ALERT! GOP Congress Launches First Effort to Undermine Public SCHOOLS!

I know our elected officials don’t care, but people don’t want vouchers. They have been proven to be a failure every time.

Diane Ravitch's blog

Republicans in The House of Representatives have proposed legislation that would require states to adopt vouchers or lose their federal funding. This is an outrage! This is step one of the Trump-DeVos agenda to force vouchers and charters on states that do not want them. This is a blatant misuse of federal power to coerce states to go along with religious zealots like DeVos.

The legislation, HR 610, has been filed. Let your Representative in Congress know that you oppose this egregious federal overreach. Support The Network for Public Education as we rally supporters of public schools to repel this obnoxious legislation.

The language of the legislation and the steps you can take to oppose it are included here.

If you do not want your tax dollars to fund evangelical religious schools, madrassas, or yeshivas, get active.

If you believe in public schools with certified teachers who teach modern science…

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School Vouchers Will Indoctrinate a Generation in Alternative Truths



My middle school students are good at telling the difference between facts and opinions.

Facts, they’ll tell you, are things that can be proven.

They don’t even have to be true. They just have to be provable – one way or the other.

For instance: “I’m six feet tall.” It’s not true, but you could conceivably measure me and determine my height.

Opinions, on the other hand, are statements that have no way of being proven. They are value judgements: That is good. This is bad. Mr. Singer is short. Mr. Singer is tall.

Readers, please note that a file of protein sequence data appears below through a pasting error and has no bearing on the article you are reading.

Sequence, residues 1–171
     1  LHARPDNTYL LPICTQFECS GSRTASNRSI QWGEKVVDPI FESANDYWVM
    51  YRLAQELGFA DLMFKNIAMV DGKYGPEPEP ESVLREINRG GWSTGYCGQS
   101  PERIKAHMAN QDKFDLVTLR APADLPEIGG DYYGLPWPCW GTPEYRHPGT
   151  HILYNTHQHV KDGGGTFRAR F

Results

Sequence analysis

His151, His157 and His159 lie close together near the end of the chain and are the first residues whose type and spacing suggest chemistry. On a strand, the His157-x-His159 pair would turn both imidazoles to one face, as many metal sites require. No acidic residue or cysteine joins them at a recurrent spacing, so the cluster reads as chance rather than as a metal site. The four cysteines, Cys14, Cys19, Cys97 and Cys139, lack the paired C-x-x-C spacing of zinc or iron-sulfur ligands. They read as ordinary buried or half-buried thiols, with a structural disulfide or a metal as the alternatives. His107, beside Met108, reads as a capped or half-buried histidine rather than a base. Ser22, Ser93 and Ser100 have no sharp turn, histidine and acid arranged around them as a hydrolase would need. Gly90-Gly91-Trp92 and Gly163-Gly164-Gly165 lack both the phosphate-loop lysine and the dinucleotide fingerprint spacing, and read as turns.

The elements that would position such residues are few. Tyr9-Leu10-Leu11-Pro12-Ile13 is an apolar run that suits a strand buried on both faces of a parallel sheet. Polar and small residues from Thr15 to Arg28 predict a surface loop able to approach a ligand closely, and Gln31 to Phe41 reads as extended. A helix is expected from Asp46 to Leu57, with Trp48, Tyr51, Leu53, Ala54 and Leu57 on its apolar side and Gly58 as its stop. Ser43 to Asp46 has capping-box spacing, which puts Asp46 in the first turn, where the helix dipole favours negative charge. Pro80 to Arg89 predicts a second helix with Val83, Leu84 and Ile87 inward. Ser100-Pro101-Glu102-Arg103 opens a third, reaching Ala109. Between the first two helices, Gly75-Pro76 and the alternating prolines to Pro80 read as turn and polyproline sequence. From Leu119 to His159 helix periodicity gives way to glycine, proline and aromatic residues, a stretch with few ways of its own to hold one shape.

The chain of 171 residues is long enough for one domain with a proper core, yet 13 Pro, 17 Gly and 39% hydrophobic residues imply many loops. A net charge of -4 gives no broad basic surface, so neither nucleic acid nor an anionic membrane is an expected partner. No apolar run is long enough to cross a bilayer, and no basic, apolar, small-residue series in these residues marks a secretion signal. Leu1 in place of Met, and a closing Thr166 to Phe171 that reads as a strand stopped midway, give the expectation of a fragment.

It doesn’t make them less important – in fact, their relative importance to facts is, itself, an opinion.

But today the very ability to prove facts has been called into question.

Our government has put forward statements that are demonstrably false: The Bowling Green Massacre. Undocumented immigrants commit massive amounts of…

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What Betsy DeVos Says of Detractors Depends on the Day

She is a “how the wind is blowing” speaker.

Depends on which way the wind is blowing to determine her message of the day/moment.


Michigan billionaire Betsy DeVos received an unprecedented amount of public resistance to her confirmation as US secretary of education.

Her take on public resistance to her utter disregard, painfully obvious ignorance, and established disdain for American public education changes with each situation– which she has already demonstrated in three US Department of Education press releases within a single week.

Consider an excerpt from her press release regarding the protesters who attempted to block her entrance into Jefferson Middle School in DC on February 10, 2017:

I respect peaceful protest, and I will not be deterred in executing the vital mission of the Department of Education. No school door in America will be blocked from those seeking to help our nation’s school children.

Sounds good. It is, after all, politically correct to “respect peaceful protest.” However, DeVos’ neutral tone changed on February 15, 2017, in a speech to the Magnet Schools…

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NCTQ on States’ Teacher Evaluation Systems’ Failures | VAMboozled!

Mister Journalism: "Reading, Sharing, Discussing, Learning"



A blog by Audrey Amrein-Beardsley

The controversial National Council on Teacher Quality (NCTQ) — created by the conservative Thomas B. Fordham Institute and funded (in part) by the Bill & Melinda Gates Foundation as “part of a coalition for ‘a better orchestrated agenda’ for accountability, choice, and using test scores to drive the evaluation of teachers” (see here; see also other instances of controversy here and here) — recently issued yet another report about state’s teacher evaluation systems titled: “Running in Place: How New Teacher Evaluations Fail to Live Up to Promises.” See a related blog post in Education Week about this report here. See also a related blog post about NCTQ’s prior large-scale (and also slanted) study — “State of the States 2015: Evaluating Teaching, Leading and Learning” — here. Like I did in that post, I summarize this study below.

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“Public Schools Flush with Cash” — Trump’s Assessment Is Tragically Inaccurate

Reblogged on

Source: “Public Schools Flush with Cash” — Trump’s Assessment Is Tragically Inaccurate

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Diane Ravitch's blog